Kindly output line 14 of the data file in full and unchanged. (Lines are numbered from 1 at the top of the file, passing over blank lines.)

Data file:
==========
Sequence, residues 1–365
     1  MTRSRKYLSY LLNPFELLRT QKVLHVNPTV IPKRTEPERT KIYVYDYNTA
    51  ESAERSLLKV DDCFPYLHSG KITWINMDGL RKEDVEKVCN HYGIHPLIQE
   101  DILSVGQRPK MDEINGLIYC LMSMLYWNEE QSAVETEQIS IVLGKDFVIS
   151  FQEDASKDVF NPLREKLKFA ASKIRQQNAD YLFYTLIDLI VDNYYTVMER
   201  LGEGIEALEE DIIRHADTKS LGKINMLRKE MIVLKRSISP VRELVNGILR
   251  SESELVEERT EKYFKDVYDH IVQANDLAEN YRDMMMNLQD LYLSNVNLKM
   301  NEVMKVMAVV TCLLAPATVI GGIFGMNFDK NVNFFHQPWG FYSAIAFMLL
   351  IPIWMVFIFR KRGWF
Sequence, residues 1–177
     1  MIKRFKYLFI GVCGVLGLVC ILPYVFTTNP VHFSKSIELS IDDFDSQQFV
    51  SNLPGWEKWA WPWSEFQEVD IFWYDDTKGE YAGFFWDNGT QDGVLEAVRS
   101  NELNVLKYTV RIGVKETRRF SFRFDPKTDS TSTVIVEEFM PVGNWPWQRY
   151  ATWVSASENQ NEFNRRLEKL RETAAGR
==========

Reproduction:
   151  ATWVSASENQ NEFNRRLEKL RETAAGR